While some analysts are calling for a mild devaluation of the dollar, what we see forming ahead could be something far more dramatic and potentially disruptive to the world economy, namely a protracted period of deflation driven by the subserviant position of the Fed vis-a-vis the largest banks. This new shrinkage will not only see gold moving higher but will also see the dollar collapse a la the FDR dollar devaluation of the early 1930s. This crisis is being caused by Fed zero interest rate and quantitative easing ("QE") policies.

As we have said before and we'll say again, the FOMC's zero rate policies imply that the dollar and all assets denominated in dollars have no value. Stocks, bonds and other financial assets depend upon income to make these obligations money good. Without a positive return, there is no reason to hold dollar assets. When President Abraham Lincoln introduced fiat paper dollars backed by nothing to finance the Civil War, these pieces of debt originally were convertible into Treasury notes that paid interest. But the need of a growing nation for a means of exchange rendered such devices irrelevant.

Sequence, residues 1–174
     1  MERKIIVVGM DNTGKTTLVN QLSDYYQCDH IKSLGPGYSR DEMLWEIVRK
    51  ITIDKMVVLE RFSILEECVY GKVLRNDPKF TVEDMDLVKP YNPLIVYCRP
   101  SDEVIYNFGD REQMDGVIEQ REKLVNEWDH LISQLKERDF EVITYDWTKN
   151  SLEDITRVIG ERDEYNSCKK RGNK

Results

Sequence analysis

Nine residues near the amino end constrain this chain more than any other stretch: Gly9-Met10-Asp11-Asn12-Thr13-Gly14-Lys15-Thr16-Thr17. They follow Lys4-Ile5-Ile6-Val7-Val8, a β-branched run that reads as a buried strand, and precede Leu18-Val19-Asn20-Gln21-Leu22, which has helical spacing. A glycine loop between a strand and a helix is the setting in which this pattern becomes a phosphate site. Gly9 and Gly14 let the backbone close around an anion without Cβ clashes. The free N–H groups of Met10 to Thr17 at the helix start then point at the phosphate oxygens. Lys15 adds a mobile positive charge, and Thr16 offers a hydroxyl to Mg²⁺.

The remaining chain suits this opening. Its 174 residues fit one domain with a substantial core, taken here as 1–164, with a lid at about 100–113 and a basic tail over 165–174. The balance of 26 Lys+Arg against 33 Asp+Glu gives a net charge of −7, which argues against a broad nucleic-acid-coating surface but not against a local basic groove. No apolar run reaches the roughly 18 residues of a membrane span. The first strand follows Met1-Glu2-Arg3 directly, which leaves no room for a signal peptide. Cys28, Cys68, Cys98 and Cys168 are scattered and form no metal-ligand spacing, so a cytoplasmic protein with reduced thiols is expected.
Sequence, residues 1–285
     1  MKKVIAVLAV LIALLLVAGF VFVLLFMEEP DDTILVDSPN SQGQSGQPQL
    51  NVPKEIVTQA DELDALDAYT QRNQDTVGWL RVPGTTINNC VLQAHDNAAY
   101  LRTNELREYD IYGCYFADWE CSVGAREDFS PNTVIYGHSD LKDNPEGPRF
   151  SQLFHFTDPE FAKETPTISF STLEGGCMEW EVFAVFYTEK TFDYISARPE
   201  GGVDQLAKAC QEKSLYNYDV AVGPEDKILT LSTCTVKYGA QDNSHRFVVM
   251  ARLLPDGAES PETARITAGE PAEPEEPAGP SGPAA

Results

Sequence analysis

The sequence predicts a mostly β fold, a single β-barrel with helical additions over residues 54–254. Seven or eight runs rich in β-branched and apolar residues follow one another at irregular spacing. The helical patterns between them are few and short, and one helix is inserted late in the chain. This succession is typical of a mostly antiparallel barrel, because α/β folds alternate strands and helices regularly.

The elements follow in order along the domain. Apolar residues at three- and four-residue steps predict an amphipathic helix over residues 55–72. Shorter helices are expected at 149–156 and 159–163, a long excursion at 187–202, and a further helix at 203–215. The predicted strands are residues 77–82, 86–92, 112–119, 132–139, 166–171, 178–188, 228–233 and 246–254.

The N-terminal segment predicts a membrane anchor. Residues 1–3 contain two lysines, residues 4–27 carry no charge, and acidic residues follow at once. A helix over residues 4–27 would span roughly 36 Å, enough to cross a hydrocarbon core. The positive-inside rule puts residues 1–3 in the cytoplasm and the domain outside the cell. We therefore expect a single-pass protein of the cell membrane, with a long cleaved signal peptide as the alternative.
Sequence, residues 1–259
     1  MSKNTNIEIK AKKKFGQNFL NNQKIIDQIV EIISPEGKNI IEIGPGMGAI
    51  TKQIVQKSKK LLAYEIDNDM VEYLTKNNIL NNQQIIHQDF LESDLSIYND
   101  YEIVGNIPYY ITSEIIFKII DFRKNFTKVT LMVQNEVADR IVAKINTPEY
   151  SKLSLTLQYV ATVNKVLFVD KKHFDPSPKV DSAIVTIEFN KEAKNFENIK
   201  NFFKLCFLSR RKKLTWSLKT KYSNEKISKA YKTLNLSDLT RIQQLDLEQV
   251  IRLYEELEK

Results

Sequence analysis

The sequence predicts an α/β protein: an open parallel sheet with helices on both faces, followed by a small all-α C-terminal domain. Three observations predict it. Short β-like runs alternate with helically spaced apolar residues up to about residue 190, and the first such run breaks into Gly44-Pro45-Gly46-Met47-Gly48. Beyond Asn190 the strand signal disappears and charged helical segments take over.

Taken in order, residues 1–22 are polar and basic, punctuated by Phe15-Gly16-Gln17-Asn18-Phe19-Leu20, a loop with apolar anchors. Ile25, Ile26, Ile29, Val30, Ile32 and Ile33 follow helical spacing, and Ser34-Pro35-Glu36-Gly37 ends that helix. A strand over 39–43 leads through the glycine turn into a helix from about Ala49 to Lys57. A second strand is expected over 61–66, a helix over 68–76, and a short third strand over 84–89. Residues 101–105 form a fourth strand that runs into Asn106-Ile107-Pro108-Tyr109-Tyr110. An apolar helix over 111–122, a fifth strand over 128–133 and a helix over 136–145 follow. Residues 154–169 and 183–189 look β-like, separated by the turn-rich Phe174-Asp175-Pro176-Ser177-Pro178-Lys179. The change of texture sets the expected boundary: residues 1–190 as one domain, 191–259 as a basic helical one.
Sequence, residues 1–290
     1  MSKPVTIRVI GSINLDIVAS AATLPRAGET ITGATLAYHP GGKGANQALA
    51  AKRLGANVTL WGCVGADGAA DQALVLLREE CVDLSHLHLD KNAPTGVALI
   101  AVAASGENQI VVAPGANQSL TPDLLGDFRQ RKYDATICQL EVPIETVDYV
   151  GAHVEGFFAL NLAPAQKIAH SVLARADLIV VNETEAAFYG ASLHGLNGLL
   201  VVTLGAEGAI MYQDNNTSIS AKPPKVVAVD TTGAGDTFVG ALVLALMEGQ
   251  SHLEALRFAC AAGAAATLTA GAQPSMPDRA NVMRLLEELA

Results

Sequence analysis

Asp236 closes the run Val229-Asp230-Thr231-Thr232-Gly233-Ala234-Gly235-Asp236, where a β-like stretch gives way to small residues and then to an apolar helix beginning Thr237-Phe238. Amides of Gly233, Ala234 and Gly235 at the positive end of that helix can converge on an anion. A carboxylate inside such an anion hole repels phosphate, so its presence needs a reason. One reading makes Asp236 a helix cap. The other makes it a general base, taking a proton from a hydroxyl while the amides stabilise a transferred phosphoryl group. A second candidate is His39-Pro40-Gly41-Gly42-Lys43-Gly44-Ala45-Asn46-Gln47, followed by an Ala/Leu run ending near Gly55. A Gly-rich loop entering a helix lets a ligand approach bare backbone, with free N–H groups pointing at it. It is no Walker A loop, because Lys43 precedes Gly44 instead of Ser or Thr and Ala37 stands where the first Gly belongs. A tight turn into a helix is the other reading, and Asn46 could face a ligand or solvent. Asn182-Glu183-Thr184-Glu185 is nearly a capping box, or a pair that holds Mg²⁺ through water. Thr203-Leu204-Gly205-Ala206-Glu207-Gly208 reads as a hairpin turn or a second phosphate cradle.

Today the situation is reversed. Non-commercial demand for dollars is collapsing in much of the global economy, in part because the Fed is transferring something like three quarters of a trillion dollars annually from individual and corporate savers to the Wall Street banks. And even this vast subsidy will be insufficient to prevent the ultimate restructuring of the top three U.S. banks. What will Fed Chairman Ben Bernanke and the other members of the FOMC say to Dianna and the millions of other Americans impoverished by their policy errors when we have to break up the top-three U.S. banks anyway?

Forget more QE. If the FOMC does not soon allow interest rates to rise and thereby rebalance the policy equation between American savers and borrowers, then we fully expect to see gold prices climb further. Fed Chairman Ben Bernanke and the FOMC will hand the detractors of the central bank led by Rep Ron Paul (I-TX) the political issue they need to eliminate the Fed once and for all. And President Barack Obama will be wearing the concrete booties that once belonged to President Herbert Hoover. Unlike your worthless greenbacks, you can take that to the bank.

Yale Ph.D., And Former Fed Member Tells Obama To Pull A "Gordon Brown" And Sell All Of America's Gold

From ZeroHedge: